"We of the endless are the servants of the living--we are not their masters. WE exist because they know, deep down in their hearts, that we exist. When the last living thing has left this universe, then our task will be done. And we do not manipulate them, if anything, they manipulate us..."
Dream, from Brief Lives

They are not gods and anyone who tells you otherwise is either misinformed or looking for a rhyme that goes with purple. They are The Endless. They are personifications of concepts which have existed since before mankind dreamed of gods and will continue to exist long after the last god is dead. They are not royalty or nobility exactly but are usually treated as such, as each has jurisdiction and responsibilities over their respective namesakes. They are not our gods and we are not theirs, but they are more like servants to us than we are of them. They are more powerful than most entities in reality, but this does not place them any particular place on any chain of command or pecking order for immortal beings. In fact, they're not even immortal. They just live longer than most anything -- even longer than most immortals.

They are embodiments of their namesakes: Destiny is the oldest brother and spends too much time with his nose in a book. Death is the oldest sister and it is believed she will outlive everyone else. Dream was born soon after, and was the first to die only to be replaced. Destruction tried to enjoy his job but after awhile went into early retirement. Desire is actually twins in the same body which rather defeats the whole purpose of having twins. Despair does not wear clothes very often, is into pain, and should get out more. Delirium used to be Delight but something happened and now she's just watching birds paddle with wrenches better than the chicken before the egg. Oh, and she's the youngest.

jujuben23 pointed out to me: "there is a slight error. Dream was not, in fact, the first to die and be replaced, Despair was. It's not something that's talked about much, but in the last omnibus volume, it discusses this, iirc, when the new Dream is talking to the one responsible for Morpheus's death." I concur, but there's a reason they don't talk about it much. Dreams do die. Most humans (and assumedly inhumans) don't like to think that destinies can die. =)

Neil Gaiman wrote a comic book series about them which examined culture and history, pointing out where and when The Endless have affected humanity. Of course it's all fiction, and if you believe that, I have a word that rhymes with purple which I'd be happy to sell to you.

An interesting aspect of the Endless is that some of them seem to have personalities that go with their function, while others have personalities that are not related to their function, or are seemingly opposite.

This, is of course, from an anthorpomorphic point of view, since there is probably no reason Death can't be a cheerful woman with goldfish, but with that aside, it is still interesting to see the way Gaiman plays with stereotypes.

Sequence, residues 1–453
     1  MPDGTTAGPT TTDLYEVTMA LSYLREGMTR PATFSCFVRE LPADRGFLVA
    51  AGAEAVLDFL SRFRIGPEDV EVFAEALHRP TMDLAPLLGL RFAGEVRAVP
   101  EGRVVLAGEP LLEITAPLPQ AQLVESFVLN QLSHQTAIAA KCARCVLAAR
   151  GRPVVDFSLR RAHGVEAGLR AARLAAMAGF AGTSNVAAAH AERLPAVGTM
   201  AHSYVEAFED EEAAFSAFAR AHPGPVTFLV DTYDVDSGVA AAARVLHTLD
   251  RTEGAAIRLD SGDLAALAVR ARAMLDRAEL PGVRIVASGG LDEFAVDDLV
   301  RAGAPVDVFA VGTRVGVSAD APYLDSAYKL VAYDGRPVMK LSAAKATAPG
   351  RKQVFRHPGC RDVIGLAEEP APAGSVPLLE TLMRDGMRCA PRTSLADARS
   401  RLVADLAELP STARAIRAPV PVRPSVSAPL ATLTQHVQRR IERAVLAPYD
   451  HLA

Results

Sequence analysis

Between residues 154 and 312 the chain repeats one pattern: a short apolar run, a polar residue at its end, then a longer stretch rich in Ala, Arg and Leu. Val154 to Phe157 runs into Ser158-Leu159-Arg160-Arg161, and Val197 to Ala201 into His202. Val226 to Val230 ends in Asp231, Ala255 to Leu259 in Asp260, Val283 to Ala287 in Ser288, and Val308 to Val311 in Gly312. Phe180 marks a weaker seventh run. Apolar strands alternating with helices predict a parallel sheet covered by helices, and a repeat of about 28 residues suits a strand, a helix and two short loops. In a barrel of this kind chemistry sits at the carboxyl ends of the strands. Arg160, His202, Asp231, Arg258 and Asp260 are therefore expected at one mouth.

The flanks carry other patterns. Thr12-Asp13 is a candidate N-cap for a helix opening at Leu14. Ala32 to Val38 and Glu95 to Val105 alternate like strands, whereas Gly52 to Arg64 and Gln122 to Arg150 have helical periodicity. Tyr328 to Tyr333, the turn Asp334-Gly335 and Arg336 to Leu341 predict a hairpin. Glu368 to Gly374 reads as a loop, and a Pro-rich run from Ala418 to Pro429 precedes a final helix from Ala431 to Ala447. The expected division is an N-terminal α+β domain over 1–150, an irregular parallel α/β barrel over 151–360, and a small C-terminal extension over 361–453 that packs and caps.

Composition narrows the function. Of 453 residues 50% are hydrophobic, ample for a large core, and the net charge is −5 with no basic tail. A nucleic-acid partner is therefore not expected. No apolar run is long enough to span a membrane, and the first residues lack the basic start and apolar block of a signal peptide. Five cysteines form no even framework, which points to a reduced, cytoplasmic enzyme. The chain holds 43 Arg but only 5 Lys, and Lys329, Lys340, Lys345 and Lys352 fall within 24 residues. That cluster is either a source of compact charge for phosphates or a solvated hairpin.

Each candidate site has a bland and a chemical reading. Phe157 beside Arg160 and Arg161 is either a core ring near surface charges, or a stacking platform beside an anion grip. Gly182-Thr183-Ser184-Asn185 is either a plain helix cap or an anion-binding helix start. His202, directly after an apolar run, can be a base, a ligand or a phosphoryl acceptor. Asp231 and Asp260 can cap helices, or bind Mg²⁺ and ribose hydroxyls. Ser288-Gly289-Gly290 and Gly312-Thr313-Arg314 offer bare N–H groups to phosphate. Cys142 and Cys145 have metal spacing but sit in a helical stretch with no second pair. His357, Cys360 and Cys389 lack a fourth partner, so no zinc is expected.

• Death, perhaps Gaiman's most popular character, is a cheerful, sensible woman who dispenses wisdom to the dead, dying and occasionally to the living. Quite a far cry from the traditional image of the Grim Reaper.
  • Dream is far from dreamy, instead being a strict, rule bound and occasionally cruel man who takes his job very seriously.
  • Destruction quit his job, perhaps because his personality didn't fit. As seen in Brief Lives, he is a easy going, cheerful man who loves the arts, even when he isn't too good at them. It could be argued that every act of creation requires some destruction, but this chracter is still a very innovative take on the idea of destruction.
  • Desire and whether they have a personality to match their function is perhaps dependent on the readers feeling towards desire. Desire is a cold, calculating and destructive person that enjoys playing with people's feelings, often ending with their death or insanity.

On the other hand, Destiny, Despair and Delirium seem to have personalities that match their function. In Delirium's case, it seems a change in function, from Delight to Delirium, caused a change in personality.

Related to this is the fact that the Endless, like any family, have a great deal of internal squabbling. Some of this is related to function, it seems: such as Delirium's anger at Destiny, when she tells him that there are "paths outside his garden". On the other hand, Dream is also a natural counterpart of Destiny, (since Dream is the master of "what is not", and Destiny reflects "what is"), yet this functional tension does not seem to cause any personal tension between them. Likewise, while the emotions between Desire and Dream could be seen to be due to the differences in their function, it could be a personal conflict.

What all of this leads us to is the fact that The Sandman should be read closer if we wish to understand the Endless, because it is never clearly explained how much of the Endless are merely reflections of their functions as concepts, and how much is due to the fact that those concepts somehow come with personalities.

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